History 3813 - Ziedenberg - Louis-Hippolyte Lafontaine
Attack on St. Charles
Lord Charles Beauclerk (1813-1842)
1840, 19th century
Ink and watercolour on paper - Lithography
17.3 x 26.6 cm
Gift of Mr. Louis Mulligan
© McCord Museum
Keywords: event (534) , History (944) , Print (10661)
Frustrated by their inability to obtain greater recognition or power in the colonial government, the Patriotes became increasingly radical in their message and action. By 1837, they took a violent turn, instigating the Rebellions of 1837. It was at this point that Lafontaine distanced himself from the militant party and established his propensity for moderate politics that would be characteristic of his career. Empowerment of the colonial peoples would be far more effectively attained through working with the system, not against it. Lafontaine admired the British constitutional principles and felt that their full implementation in the colony would be the solution to the plight of, not only the marginalized French Canadiens, but the entirety of Canadian colonists.
Jacques Monet, "LA FONTAINE, Sir LOUIS-HIPPOLYTE," Dictionary of Canadian Biography Online, http://www.biographi.ca/009004-119.01-e.php?Biold=38663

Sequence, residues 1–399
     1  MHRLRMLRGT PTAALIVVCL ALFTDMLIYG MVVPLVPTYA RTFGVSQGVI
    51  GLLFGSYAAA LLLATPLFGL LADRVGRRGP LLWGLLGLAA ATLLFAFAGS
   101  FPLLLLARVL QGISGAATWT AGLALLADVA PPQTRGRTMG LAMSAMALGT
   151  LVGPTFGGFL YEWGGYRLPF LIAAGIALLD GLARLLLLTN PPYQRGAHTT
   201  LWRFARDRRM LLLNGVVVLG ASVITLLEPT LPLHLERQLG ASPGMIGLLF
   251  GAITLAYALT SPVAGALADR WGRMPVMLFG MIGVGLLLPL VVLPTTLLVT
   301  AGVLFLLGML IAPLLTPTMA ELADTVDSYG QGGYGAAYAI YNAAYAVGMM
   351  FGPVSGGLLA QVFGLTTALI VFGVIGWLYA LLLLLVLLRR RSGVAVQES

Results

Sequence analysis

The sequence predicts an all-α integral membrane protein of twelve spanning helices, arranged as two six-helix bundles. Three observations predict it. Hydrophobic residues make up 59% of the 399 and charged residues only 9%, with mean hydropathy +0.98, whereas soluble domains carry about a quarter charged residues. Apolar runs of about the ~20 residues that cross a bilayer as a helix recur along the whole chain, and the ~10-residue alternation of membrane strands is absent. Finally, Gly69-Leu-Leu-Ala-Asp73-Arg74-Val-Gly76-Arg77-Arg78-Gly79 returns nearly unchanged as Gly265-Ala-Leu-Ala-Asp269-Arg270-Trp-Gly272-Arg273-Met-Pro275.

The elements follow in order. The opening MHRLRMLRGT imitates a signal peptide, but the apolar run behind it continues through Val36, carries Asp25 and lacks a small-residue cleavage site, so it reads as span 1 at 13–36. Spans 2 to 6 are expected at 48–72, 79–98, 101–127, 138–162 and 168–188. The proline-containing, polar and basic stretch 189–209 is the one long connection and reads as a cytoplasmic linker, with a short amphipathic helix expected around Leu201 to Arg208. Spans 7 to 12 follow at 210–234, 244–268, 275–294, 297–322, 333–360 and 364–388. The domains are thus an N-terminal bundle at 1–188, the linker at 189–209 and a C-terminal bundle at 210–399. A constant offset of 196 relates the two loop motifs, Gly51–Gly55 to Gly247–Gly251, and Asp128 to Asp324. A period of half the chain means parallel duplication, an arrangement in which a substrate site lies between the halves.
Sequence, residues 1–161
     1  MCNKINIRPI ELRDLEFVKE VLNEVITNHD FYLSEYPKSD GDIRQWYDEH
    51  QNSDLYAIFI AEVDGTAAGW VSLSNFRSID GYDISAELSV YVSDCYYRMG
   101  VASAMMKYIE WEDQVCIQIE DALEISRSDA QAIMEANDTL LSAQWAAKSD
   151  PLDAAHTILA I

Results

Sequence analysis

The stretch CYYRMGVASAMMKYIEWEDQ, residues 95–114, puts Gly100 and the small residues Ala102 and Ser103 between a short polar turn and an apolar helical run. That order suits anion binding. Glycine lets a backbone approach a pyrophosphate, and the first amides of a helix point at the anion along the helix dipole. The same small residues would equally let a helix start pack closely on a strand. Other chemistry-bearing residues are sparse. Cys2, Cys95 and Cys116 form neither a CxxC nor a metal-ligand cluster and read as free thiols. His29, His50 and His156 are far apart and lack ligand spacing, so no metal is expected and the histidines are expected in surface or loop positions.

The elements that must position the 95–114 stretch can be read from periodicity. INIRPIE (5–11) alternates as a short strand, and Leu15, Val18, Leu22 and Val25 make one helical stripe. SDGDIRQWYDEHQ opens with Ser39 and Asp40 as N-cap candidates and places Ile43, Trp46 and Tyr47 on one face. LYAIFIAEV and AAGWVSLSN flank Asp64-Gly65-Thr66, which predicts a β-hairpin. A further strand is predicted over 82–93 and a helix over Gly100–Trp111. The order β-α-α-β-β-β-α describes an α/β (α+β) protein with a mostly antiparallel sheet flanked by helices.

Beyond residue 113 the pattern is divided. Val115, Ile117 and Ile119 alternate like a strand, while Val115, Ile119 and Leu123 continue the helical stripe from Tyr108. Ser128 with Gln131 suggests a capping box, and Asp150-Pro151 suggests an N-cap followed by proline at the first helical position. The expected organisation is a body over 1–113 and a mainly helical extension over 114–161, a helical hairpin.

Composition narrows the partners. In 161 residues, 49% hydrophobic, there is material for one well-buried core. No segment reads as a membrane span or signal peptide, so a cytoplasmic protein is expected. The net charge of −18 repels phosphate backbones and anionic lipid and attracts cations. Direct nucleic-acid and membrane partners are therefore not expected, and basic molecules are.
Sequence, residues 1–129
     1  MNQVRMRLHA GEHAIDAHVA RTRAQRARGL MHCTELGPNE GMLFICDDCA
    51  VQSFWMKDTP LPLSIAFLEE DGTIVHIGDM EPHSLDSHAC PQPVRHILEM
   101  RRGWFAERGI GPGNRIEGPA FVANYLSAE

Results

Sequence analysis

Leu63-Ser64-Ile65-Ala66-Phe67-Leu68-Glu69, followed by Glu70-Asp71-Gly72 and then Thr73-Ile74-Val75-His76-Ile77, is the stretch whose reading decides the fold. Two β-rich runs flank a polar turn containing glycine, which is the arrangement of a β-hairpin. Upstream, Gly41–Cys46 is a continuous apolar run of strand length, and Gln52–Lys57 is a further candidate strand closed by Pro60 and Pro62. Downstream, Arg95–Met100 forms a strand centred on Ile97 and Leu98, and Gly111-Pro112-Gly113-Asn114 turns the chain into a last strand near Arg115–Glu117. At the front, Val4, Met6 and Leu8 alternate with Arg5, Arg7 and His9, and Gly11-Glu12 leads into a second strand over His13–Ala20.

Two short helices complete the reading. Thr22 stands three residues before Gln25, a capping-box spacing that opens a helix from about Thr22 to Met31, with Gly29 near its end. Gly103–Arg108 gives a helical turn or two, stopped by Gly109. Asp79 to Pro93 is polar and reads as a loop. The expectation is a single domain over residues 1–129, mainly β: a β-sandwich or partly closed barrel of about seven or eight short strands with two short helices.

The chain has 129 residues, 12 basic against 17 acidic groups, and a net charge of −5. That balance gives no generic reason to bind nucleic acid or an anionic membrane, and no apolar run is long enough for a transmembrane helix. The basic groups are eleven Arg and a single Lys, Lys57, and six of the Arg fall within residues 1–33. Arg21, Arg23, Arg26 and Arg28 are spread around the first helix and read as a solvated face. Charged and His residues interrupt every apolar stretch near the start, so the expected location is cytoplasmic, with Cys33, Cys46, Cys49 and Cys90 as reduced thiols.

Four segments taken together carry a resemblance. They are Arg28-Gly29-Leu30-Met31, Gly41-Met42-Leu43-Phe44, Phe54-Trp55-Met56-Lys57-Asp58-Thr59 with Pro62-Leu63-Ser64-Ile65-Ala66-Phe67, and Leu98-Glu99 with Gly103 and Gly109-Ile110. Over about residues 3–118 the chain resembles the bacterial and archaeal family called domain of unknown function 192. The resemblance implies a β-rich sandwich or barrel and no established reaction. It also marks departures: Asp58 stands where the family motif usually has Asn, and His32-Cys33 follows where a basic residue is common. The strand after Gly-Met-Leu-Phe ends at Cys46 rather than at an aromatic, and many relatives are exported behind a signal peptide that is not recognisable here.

P.A. Buckner, "Rebellions of 1837," The Canadian Encyclopedia, http://www.thecanadianencyclopedia.com/index.cfm?PgNm=TCE&Params=A1ARTA0006708.
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Keys to History
Although 800 patriotes had beaten back British troops at St. Denis, British forces, as is evident from this print, had the advantage in terms of firepower. On November 25 at St. Charles, British forces defeated the patriotes, forcing many of their leaders into exile in the United States.
Source : The Aftermath of the Rebellions [Web tour], by Brian J. Young, McGill University (see Links)
The imbalance between British and patriote forces gave well-armed troops a great advantage. The patriotes were badly armed and suffered from inexperienced military leadership.
St. Charles is located some 10 kilometres from St. Denis. Wetherall arrived there after a march along the Richelieu from Chambly, while other British troops were marching along the river from Sorel. The patriotes were ultimately caught in a pincer.
The battle broke out on November 25, 1837 and involved fierce hand-to-hand fighting. Forty patriotes were killed, compared with three deaths among the British troops.
Aside from the imbalance of forces, the patriotes suffered from a shortage of arms and a lack of skilled military leadership. Many of their leaders, including Papineau, went into exile in the United States after the battle.